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Sturnus vulgaris, Star, European Starling The European Starling or Common Starling, Sturnus vulgaris, is a passerine bird in the family Sturnidae.
This starling is native to most of temperate Eurasia except East Asia, but has been introduced to South Africa, North America, Australia and New Zealand. It is resident in southern and western Europe and southern Eurasia, but northern populations migrate in winter to these regions, and also further south to areas where it does not breed in Iberia and north Africa.The 19-22 cm long European Starling is among the most familiar of birds in temperate regions, with its shiny black plumage spangled with white. Confusion is only likely in Iberia in winter, when it has to be distinguished from the closely related Spotless Starling, which, as its name implies, has less spotting on its plumage. Adult male European Blackbirds can be easily distinguished by more slender body shape, longer tail, and behavior: they hop instead of walking and do not probe for food with open bills. Adult male European Starlings are less spotted below than adult females. Juveniles are dull brown, and by their first winter resemble adults but are browner especially on the head.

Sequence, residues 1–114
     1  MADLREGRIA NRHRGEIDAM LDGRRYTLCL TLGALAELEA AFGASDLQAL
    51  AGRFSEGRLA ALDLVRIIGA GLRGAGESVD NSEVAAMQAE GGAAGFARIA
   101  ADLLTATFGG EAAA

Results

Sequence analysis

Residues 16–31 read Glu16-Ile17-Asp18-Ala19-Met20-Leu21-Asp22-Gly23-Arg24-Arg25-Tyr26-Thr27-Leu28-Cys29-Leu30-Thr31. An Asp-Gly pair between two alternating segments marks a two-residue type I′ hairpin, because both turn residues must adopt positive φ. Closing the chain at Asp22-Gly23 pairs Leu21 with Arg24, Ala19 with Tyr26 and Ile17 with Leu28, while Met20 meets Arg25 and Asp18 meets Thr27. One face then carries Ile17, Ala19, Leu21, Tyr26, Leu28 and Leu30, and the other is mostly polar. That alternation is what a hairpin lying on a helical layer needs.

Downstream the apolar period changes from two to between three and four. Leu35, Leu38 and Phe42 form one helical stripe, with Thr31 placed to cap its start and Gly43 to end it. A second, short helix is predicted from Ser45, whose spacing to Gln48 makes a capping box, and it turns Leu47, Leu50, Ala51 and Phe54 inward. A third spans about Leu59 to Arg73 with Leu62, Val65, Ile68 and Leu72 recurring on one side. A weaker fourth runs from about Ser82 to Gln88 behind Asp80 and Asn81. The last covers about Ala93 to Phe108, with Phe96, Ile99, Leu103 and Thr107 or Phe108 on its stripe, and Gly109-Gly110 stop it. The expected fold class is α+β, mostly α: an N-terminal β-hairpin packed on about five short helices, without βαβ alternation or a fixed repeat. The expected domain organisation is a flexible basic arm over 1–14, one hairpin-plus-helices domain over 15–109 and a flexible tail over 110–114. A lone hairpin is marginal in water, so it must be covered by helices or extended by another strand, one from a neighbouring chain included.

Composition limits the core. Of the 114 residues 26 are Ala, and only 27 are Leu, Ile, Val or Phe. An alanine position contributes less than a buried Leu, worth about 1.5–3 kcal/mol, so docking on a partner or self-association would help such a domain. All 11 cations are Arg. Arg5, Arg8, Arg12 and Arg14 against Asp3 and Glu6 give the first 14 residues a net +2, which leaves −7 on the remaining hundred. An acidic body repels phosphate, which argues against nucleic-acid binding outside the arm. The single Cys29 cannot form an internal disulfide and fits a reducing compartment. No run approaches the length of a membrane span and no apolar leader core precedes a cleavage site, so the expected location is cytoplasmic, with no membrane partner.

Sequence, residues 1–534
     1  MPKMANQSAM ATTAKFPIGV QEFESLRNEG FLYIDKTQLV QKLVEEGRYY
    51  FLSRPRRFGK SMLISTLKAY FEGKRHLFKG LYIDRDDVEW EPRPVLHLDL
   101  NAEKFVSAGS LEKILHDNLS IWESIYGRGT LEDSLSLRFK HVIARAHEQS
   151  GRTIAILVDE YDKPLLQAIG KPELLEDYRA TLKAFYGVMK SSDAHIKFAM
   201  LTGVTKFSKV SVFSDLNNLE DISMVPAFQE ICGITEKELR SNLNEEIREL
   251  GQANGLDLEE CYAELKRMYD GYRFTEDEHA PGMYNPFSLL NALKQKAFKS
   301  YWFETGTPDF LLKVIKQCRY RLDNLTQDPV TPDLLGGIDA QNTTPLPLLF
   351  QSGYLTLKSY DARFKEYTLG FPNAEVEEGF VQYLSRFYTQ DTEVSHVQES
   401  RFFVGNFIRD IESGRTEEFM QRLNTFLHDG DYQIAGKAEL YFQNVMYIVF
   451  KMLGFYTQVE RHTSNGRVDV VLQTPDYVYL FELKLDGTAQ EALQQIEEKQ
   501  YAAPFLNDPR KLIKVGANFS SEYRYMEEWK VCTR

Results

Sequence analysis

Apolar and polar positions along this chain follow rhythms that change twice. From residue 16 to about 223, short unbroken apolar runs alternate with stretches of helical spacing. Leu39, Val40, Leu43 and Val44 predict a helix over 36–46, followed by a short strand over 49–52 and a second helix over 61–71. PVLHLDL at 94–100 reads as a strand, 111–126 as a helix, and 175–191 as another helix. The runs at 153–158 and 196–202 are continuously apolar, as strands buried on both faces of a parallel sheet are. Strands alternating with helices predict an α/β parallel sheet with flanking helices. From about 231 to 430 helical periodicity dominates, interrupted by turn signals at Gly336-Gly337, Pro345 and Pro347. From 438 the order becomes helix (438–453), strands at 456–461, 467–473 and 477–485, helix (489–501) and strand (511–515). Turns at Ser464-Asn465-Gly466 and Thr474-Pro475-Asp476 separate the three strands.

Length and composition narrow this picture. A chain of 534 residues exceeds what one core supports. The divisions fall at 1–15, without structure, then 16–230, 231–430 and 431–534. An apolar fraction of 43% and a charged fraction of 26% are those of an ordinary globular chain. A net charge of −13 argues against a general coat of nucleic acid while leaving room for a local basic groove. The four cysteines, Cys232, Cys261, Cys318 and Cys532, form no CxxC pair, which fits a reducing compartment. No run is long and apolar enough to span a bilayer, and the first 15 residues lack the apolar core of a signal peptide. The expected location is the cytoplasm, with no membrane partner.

Starlings walk rather than hop. Their flight is quite strong and direct; they look triangular-winged and short-tailed in flight. In most of Europe, only the rarer and much paler Bohemian Waxwing shares this flight profile. This is a noisy bird uttering a wide variety of mechanical-sounding and melodic sounds, including a distinctive "wolf whistle." Starlings are also noted as mimics, like many of its family. In captivity, Starlings will learn to imitate all types of sounds and speech earning them the nickname "Poor-man's Myna".
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